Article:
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Borrowing From The Bank Of Mom And Dad? Bankruptcy Questions Answered

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When struggling with debts, many people turn to borrowing money from friends or family. But what happens to those borrowed amounts if you end up filing for bankruptcy protection? Should you formalize your family loans? To help you and your family or friends decide on the best course, here are some answers to your questions. 

How Are Personal Loans Treated?

In a bankruptcy, all creditors are treated as official lenders on equal footing with their peers. So secured debts (such as mortgages or car loans) are treated equally in one category and unsecured debts (like credit cards and bank loans) are equal in their category. Generally, loans from family or friends are unsecured debts. If the lender stakes a claim, they will be lumped in with other unsecured creditors. 

What Are the Benefits of Formal Loans?

Formalizing your personal loan—writing up an agreement and signing it—allows the person lending you money to assert a claim if you have to declare bankruptcy. Although they can propose a claim even with a formal agreement, it will be easier with one. This means that they have a chance to be paid back in part or full alongside your credit card issuers or payday loan service. This protects them and eases your conscience.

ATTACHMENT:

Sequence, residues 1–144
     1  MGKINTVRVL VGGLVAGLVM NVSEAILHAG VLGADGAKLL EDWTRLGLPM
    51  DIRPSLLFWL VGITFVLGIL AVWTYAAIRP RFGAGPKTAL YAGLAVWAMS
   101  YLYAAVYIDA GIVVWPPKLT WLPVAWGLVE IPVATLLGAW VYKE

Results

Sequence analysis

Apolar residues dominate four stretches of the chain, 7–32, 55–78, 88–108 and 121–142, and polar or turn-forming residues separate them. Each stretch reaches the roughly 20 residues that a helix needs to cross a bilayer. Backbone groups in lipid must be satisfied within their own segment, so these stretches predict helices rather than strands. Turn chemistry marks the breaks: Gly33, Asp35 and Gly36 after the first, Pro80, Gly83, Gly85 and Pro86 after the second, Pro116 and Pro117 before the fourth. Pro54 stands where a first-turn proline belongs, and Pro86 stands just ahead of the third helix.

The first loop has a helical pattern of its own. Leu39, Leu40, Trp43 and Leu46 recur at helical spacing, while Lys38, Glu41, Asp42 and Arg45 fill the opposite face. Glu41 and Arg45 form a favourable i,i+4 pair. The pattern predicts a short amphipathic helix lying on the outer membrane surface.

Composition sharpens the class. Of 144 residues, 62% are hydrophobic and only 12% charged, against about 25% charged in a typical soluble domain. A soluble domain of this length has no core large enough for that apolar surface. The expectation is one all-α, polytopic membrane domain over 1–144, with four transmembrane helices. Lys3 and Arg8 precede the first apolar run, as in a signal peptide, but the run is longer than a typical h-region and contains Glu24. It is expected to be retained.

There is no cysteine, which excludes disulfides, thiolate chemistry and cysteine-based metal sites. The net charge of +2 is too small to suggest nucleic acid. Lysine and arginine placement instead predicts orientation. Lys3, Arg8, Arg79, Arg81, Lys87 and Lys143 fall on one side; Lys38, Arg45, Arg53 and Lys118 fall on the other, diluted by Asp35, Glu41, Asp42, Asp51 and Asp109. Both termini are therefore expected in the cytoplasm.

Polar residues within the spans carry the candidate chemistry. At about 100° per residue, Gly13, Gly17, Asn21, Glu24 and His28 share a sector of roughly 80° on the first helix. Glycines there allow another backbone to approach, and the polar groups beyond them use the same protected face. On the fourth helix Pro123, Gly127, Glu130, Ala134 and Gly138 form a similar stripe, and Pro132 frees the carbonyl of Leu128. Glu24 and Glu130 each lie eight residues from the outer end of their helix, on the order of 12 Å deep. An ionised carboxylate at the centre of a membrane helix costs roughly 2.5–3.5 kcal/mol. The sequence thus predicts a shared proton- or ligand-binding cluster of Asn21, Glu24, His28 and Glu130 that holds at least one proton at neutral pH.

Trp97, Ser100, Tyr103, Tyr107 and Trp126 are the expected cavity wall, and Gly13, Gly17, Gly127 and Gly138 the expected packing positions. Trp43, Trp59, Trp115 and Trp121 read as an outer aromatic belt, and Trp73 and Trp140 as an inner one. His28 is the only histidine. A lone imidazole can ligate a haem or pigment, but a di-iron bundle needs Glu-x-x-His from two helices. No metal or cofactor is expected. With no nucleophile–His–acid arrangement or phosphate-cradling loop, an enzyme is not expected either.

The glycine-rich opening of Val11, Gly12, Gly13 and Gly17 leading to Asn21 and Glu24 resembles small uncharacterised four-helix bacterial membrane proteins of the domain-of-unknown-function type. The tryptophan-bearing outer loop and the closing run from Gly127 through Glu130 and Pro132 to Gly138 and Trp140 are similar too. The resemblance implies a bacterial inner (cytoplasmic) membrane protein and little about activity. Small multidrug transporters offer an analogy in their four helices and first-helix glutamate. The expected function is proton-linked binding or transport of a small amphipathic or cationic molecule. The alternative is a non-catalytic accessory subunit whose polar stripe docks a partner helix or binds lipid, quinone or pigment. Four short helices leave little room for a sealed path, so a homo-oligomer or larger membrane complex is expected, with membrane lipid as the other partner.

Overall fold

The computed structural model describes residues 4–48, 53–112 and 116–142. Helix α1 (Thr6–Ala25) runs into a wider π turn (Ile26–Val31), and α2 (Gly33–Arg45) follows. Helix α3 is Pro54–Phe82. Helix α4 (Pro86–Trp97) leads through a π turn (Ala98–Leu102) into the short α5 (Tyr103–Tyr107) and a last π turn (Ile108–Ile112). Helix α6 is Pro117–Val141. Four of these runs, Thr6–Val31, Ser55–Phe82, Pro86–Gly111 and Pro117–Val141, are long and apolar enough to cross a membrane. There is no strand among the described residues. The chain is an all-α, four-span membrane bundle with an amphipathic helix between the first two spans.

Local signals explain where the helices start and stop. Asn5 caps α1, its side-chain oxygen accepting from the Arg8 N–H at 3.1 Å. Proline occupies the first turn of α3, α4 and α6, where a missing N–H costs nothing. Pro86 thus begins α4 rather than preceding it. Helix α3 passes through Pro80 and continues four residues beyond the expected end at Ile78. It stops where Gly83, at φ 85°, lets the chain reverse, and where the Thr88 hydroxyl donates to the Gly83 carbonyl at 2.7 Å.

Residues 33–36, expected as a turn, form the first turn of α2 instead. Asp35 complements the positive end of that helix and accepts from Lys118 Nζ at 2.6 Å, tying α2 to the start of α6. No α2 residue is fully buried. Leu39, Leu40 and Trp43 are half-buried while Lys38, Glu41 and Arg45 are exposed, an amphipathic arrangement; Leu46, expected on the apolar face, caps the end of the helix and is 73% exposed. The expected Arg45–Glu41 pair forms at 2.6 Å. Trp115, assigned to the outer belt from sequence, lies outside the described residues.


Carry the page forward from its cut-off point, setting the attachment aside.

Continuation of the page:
There are a few drawbacks to formalizing your family loan. It doesn't obligate them to assert their right to be paid back. So if they don't want to feel like they helped take away your assets, they can simply not make their claim under bankruptcy rules. And if you have few or no assets to liquidate, it will be a moot point. 

How Can You Pay Back Your Family?

Most people would prefer to pay back their parents or siblings rather than their credit card company. But don't let this cause you to pay them preferentially shortly before declaring bankruptcy. The result could be deemed as fraud and the trustee could ask for that money back—or even discharge your case. 

Instead, consider declaring Chapter 13 bankruptcy. This type of bankruptcy allows you to set up a repayment plan over three or five years. While it means you will pay back more to other lenders as well, it could make repayment to your loved ones possible as well. 

Where Can You Learn More?

Want to know more about borrowing from friends or family before bankruptcy? Do you as a family need to sit down and discuss all your options? Start by meeting with a bankruptcy lawyer in your area today.